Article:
The Center for Water Sensitive Cities in Israel

By the middle of the century, about 68% of the world’s population will live in cities (UN, May 2018).  In Israel today, approximately 90% of the population lives in about 76 cities and urban areas, one of the highest percentages in the world.

The urban space is fertile ground for ecologically sustainable development.  The concept of “sustainability” grew out of initiatives that were related to environmental protection.  Today, sustainable urban planning and design is used to implement approaches and technologies that have both direct and indirect influences on improving the quality of life for a city’s residents, in public spaces as well as within the private sector.

In effect, sustainable development attempts to avoid the depletion of natural resources, without affecting the quality and quantity of the land and water in the city.

In Israel, which is now in the midst of accelerating urbanization, there are several major challenges.  As we build upwards within a city, the population density increases within a given area, requiring an expansion of the water supply infrastructure, as well as the wastewater and stormwater removal infrastructure.

As we build in areas that were previously open spaces, the impervious surface area of the city increases, which leads to larger peak flow rates and increased loads on the city’s drainage system.  In addition, the urban stormwater runoff that flows over the city’s streets and other surfaces picks up a range of pollutants (heavy metals, oils, petrol, phosphates and nitrates, organic and in-organic materials and compounds, including disease-causing bacteria).  Climate change in our region requires city planners to prepare for extreme scenarios, such as flooding or long periods of drought.  Furthermore, the “urban heat island” effect, in which trapped heat results in increased temperatures within the city, affects the comfort of the city’s residents, and may be a health risk for sensitive populations such as babies and the elderly.

Tel Aviv – the 70s

Tel Aviv – 2013

A water sensitive city attempts to find solutions, both in terms of planning as well as technology, to the abovementioned challenges.  The goal is to provide a variety of clean and safe water sources, and to create resilience to extreme weather events by providing water security in both water-poor and water abundant scenarios.   A water sensitive city seeks to improve and increase the biodiversity of its ecosystems by creating microclimates that mitigate the rising temperatures in the city.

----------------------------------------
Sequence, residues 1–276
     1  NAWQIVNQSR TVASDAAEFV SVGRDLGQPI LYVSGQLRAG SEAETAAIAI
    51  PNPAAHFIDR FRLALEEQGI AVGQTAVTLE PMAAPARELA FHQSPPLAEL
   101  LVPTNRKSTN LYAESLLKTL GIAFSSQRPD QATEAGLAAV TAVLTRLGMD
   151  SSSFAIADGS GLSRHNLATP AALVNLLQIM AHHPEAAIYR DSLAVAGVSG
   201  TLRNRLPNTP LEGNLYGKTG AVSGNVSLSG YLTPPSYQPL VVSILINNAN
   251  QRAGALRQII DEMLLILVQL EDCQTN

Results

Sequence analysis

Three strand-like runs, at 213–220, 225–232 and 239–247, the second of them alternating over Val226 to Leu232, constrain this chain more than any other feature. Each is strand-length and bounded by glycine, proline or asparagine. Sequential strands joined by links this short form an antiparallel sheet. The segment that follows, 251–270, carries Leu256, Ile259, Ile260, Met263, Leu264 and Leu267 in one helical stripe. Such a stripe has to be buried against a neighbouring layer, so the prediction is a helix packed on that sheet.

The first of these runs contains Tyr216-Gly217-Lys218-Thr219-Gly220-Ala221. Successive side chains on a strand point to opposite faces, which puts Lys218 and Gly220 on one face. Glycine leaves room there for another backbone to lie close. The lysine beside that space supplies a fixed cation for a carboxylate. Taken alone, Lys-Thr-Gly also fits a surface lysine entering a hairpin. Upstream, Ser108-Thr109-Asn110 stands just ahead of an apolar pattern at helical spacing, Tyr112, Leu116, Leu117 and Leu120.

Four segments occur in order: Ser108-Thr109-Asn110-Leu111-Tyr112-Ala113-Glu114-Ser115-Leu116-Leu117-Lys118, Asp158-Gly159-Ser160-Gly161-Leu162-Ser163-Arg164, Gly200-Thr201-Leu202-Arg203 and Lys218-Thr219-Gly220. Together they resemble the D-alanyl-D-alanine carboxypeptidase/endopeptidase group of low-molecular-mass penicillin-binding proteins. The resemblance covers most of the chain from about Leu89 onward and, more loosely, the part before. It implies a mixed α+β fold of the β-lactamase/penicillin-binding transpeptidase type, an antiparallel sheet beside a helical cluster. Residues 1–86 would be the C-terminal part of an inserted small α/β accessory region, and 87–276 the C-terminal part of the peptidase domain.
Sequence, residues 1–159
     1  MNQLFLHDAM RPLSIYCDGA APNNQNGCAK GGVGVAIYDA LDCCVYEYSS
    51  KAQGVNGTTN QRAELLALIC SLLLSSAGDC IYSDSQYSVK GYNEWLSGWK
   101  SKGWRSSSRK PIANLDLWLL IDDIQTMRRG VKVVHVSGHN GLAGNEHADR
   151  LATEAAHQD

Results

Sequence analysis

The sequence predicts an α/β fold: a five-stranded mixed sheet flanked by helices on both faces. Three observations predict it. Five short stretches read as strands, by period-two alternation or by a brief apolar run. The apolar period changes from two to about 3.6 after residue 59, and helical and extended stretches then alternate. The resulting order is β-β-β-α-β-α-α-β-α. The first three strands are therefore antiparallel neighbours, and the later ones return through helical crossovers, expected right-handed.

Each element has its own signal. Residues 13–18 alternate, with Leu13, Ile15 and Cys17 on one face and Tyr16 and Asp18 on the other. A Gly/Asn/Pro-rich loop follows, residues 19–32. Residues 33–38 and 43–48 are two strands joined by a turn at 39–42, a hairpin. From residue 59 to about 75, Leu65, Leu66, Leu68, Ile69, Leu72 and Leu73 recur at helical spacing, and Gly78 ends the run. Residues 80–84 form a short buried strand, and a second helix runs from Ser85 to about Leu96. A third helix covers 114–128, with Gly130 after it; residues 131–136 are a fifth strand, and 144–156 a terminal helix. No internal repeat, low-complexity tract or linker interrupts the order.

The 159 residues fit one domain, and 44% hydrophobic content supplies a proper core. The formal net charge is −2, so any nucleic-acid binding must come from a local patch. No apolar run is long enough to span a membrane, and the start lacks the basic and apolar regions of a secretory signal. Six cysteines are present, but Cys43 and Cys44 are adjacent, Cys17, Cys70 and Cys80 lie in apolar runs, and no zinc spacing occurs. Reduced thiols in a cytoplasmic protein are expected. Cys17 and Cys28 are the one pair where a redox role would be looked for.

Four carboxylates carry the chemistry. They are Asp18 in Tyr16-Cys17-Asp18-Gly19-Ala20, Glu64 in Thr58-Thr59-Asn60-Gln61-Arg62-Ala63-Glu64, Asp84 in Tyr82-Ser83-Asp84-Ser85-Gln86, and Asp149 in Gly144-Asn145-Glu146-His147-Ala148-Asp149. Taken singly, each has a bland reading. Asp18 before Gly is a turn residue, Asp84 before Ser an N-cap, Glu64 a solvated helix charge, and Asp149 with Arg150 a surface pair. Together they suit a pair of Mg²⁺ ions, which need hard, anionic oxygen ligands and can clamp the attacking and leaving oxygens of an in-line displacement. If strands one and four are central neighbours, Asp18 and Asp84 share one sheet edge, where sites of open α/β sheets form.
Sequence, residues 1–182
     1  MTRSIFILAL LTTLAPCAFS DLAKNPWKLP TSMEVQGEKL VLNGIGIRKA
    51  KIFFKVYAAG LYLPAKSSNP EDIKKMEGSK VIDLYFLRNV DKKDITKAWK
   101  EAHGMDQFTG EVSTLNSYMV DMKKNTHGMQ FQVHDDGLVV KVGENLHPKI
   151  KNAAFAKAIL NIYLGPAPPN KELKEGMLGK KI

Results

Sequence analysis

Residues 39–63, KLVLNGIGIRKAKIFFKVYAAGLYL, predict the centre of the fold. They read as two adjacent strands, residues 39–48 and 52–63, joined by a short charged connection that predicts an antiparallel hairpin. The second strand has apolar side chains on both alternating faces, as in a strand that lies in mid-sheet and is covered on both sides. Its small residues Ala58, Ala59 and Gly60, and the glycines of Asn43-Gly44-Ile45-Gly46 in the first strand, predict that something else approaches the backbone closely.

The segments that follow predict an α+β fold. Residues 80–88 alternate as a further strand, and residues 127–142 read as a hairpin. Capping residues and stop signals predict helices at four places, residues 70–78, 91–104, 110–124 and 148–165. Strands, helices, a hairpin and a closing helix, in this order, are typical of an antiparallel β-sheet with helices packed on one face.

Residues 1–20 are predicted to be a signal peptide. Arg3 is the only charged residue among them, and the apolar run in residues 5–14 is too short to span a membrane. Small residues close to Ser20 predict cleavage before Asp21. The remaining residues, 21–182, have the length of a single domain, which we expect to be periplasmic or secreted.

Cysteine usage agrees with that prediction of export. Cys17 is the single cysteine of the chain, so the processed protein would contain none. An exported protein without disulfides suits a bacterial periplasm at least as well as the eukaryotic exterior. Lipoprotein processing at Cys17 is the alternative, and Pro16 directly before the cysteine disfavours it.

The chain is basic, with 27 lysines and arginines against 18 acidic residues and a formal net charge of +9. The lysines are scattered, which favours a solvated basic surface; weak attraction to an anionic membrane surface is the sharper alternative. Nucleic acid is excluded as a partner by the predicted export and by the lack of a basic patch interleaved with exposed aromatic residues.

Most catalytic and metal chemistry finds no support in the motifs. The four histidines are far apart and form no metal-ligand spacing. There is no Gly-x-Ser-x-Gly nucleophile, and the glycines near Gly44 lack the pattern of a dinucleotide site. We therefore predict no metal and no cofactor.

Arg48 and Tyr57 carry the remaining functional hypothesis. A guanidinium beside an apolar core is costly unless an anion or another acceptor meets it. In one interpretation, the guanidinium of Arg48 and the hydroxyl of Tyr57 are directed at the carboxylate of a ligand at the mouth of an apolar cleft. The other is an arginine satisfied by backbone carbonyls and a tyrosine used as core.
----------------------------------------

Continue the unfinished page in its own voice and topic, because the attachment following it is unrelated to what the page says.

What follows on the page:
In the Australian concept, various economic and social drivers will transition a city into a “water sensitive city”.  To begin with, the city provides basic urban water services such as water supply, sewerage and drainage.  Subsequently, urban water planning and management consider societal needs, such as recreation, aesthetics and comfort.  At the final stage, the city focuses on growth, governance and community engagement.

Credit: “blueprint2013 – Stormwater Management in a Water Sensitive City”, published by Cooperative Research Centre for Water Sensitive Cities, page 64


In Australia, the main rationale for the water sensitive city approach is the protection of downstream water sources and the prevention of problems such as eutrophication (over-enrichment of nutrients) that endanger the aquatic ecosystem.  In Israel, where there is an acute dependence on desalinated water, the effort is focused on reclaiming urban stormwater, transforming it into a new readily available alternative water resource that can be recharged into the aquifer.


The Israeli “water sensitive planning” approach was developed in the 1990s by Naomi Carmon and Uri Shamir of the Technion.  In 2007, Carmon and Shamir published a water sensitive urban planning report that included a compilation of policies and guidelines that reflect the water sensitive planning approach.

The Center for Water Sensitive Cities, with the support of the JNF and JNF-Australia along with local authorities, created and directs an interdisciplinary applied research program called “Creating Water Sensitive Cities in Israel”, in collaboration with leading researchers from the Technion, Hebrew University and Ben-Gurion University, and with the assistance of Monash University in Australia.

The Center for Water Sensitive Cities in Israel is working to apply the water sensitive city approach to Israel’s specific needs. The interdisciplinary research program includes four master projects:

1. Urban Water Cycle

2. Water Sensitive Urban Planning and Design

3. Development of Water Sensitive Technologies

4. Implementation and Adoption Pathways in Israel

Research program for the Creation of Water Sensitive Cities in Israel

Four Master Projects